rattlesnakes

Kingsnakes versus Rattlesnakes

Kingsnakes eat rattlesnakes, hence their name. Apparently kingsnakes are either immune to or tolerant of rattlesnake venom. Kingsnakes also eat other snakes, lizards, amphibians, birds and bird eggs, and rodents.

Rattlesnakes can identify kingsnakes by smell. Rattlesnakes usually retreat in presence of a kingsnake and hold their head and tail close to the ground while arching their back and attempt to hit the kingsnake. Watch a 3-minute Discovery Channel video of a common kingsnake attacking and eating a rattlesnake:

https://youtu.be/LdCozo_Ub_Q

Kingsnakes are usually docile, but when disturbed, they may hiss, vibrate their tail, and strike. If seized by a predator such as a coyote, the kingsnake can expel a noxious musk.

Kingsnakes come in a great variety of patterns and colors. There is some controversy over names and how many varieties there are. This is made more confusing because some varieties can interbreed with other varieties. I use the Arizona-Sonora Desert Museum naming convention here. Most kingsnake adults are three to six feet long. Below are photos of the most common varieties in the southwest. All kingsnakes have smooth scales unlike the ridged scales of the gopher snake. All kingsnakes are powerful constrictors.

Desert Kingsnake

Kingsnake desert

This black and white (or cream) is the most common kingsnake in the Tucson area. It is native to Arizona, New Mexico, and Texas. It normally grows to four feet but some are over six feet long. This kingsnake normally mates from March through June and produces up to 12 eggs that incubate for 60 days. Hatchlings are 8- to 10 inches long.

Common Kingsnake

Kingsnake common

The common kingsnake used to be called the California kingsnake. It has alternating brown/black and white/cream to yellow colored bands. Adults range from 2.5 to 6 feet long. This snake occurs throughout most of Arizona, California, and Baja California. Normal mating time is May through August. The females produce as many as 24 eggs which hatch in 60 days. Hatchlings are 6- to 8 inches long and are more brightly colored than the parents.

Sonoran Kingsnake

Kingsnake Sonoran

The Sonoran kingsnake is usually deep chocolate brown which may look black in some lighting conditions. It occurs in southern Arizona and in Mexico south to Sinaloa. Young snakes may have spots of white or yellow under their chin. This snake is commonly 3- to 4 feet long and rather plump compared to other kingsnakes.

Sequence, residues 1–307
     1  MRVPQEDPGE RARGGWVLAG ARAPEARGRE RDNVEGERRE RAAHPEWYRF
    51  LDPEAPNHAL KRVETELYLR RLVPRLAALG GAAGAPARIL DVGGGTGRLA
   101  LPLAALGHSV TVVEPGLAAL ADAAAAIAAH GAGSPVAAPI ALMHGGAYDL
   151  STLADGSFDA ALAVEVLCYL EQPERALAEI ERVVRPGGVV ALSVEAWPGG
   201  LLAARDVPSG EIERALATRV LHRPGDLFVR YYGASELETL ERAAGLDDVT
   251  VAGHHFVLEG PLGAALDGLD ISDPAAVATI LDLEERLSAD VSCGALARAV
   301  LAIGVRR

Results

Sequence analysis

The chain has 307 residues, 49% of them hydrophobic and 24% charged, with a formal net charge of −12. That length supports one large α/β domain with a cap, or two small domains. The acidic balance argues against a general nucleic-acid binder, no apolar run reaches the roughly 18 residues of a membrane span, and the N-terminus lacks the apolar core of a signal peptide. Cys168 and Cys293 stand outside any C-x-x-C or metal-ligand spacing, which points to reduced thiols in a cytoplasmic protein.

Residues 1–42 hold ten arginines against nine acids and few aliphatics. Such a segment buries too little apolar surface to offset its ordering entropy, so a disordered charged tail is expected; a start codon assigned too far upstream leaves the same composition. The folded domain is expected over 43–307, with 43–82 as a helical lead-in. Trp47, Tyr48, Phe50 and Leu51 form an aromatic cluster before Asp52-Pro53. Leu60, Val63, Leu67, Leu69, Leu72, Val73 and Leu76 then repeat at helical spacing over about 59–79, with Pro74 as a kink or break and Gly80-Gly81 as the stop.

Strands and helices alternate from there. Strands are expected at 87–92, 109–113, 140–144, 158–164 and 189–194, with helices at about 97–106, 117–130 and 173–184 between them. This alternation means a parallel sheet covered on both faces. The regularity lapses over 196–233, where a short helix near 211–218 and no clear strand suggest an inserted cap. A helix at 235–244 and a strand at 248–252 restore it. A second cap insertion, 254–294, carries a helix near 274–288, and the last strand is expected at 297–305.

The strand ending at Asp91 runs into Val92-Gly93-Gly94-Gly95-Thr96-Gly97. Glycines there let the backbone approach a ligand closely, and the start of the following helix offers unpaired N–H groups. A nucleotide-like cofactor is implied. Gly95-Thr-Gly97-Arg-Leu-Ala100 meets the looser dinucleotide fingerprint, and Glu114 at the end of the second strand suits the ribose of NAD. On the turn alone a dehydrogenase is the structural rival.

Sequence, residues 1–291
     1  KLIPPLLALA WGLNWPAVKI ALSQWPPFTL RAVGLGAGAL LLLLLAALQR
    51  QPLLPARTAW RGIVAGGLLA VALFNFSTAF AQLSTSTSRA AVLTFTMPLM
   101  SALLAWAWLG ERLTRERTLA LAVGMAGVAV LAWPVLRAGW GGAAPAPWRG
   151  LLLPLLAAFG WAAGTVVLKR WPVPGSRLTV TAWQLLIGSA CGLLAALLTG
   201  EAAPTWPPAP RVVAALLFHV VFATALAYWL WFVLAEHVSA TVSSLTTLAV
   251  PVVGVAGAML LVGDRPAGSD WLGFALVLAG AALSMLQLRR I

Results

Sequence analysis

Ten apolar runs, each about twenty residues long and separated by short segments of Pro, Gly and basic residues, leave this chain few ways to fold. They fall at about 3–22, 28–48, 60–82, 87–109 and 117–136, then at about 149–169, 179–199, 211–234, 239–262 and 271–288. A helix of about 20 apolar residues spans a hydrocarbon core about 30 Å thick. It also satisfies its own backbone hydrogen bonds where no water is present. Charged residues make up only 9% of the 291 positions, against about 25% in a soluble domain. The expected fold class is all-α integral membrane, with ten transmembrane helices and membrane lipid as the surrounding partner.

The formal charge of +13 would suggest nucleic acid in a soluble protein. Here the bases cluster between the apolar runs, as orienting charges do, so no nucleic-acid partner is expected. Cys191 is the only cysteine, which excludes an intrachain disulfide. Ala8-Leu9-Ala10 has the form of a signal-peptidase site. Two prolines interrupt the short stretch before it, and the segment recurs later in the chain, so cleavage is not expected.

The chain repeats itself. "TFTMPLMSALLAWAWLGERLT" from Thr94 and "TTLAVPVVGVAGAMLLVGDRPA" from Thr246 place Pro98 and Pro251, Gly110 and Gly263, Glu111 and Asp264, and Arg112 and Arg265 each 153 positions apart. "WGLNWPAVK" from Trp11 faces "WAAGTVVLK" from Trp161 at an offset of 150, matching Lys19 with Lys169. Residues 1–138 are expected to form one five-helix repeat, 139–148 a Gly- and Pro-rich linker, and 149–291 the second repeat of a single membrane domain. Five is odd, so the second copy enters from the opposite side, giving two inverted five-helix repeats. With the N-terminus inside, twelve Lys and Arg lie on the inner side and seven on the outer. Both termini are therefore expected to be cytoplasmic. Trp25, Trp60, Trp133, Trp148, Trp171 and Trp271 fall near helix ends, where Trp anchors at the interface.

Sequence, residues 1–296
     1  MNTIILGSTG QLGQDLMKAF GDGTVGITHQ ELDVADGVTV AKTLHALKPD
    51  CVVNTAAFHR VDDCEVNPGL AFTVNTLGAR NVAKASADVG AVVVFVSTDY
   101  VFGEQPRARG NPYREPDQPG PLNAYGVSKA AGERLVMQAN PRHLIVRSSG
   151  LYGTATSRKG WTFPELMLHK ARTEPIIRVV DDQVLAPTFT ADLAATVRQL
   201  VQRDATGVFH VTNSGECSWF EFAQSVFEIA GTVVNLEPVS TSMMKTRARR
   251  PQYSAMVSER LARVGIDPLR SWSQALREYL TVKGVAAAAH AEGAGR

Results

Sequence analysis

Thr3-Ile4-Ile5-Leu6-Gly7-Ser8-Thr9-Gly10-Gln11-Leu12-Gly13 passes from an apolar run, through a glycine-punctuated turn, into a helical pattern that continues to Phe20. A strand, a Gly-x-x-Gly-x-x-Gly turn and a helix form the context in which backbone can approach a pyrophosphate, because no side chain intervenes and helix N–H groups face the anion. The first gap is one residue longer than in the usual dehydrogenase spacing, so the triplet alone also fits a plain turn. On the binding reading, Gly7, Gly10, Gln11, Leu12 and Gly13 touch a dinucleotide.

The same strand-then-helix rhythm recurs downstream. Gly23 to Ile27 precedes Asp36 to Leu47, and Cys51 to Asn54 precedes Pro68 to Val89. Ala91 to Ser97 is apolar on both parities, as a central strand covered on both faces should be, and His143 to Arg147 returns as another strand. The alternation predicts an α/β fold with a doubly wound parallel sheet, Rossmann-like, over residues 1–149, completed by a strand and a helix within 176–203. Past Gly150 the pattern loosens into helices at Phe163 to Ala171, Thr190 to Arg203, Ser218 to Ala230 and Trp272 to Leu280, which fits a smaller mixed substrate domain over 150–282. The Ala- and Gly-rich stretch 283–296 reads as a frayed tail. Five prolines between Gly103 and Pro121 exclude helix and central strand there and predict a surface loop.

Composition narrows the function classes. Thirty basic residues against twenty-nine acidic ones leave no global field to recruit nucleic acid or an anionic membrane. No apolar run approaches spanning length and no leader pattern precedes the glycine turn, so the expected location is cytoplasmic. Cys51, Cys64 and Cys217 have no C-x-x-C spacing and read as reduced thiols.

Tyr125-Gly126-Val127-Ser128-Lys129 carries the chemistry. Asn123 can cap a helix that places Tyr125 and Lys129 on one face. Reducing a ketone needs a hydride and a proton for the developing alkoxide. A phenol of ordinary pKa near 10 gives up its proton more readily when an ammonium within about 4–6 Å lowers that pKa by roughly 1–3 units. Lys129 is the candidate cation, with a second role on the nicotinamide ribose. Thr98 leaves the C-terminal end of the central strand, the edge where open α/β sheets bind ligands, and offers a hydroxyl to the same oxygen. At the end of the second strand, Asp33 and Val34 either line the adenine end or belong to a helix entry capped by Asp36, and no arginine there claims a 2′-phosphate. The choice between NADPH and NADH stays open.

Mountain Kingsnake

Kingsnake Arizona Mtn

This pretty snake is variously called the Arizona Mountain kingsnake or Sonoran Mountain kingsnake, It may be 2.5 to 4 feet long. This snake inhabits the Sierra Madre in Sonora and several mountain ranges in southern Arizona. I have seen this snake in the Bradshaw Mountains near Jerome. Some occur also in Utah and Nevada. It may be confused with the coral snake, but it is much larger. Remember the rhyme: “Red touch black, OK Jack.” These snakes breed in spring and generally produce four to nine eggs.

Milk snake

Kingsnake Sinaloan Milksnake

On this snake, the red bands are much wider than the black and white/yellow bands. It, too, can be confused with the coral snake. The rest of the rhyme: “Red touch yellow, kill a fellow.” In kingsnakes, the red band is surrounded by black bands.

The milk snake is commonly 1.5- to 4.5 feet long. It occurs mainly in southern Sonora, but there have been some specimens collected near the Little Colorado River in northern Arizona. This snake occurs mainly in forests and is mainly nocturnal. Breeding is similar to the mountain kingsnake.

I handle snakes at the Arizona-Sonora Desert Museum including all the kingsnakes shown above. Kingsnakes are my favorite snake. They seem more curious than other snakes. When I’m holding a snake and someone comes near, the kingsnake will take a look and flick its tongue to get a taste. Taste, by the way, is the snake’s most important sense. Their forked tongue picks up particles in the air which are analyzed by the Jacobson’s organ in the roof of the mouth. The organ is so sensitive that it can distinguish differences from each side of the forked tongue. This gives the snake a sense of direction for where the taste is coming from.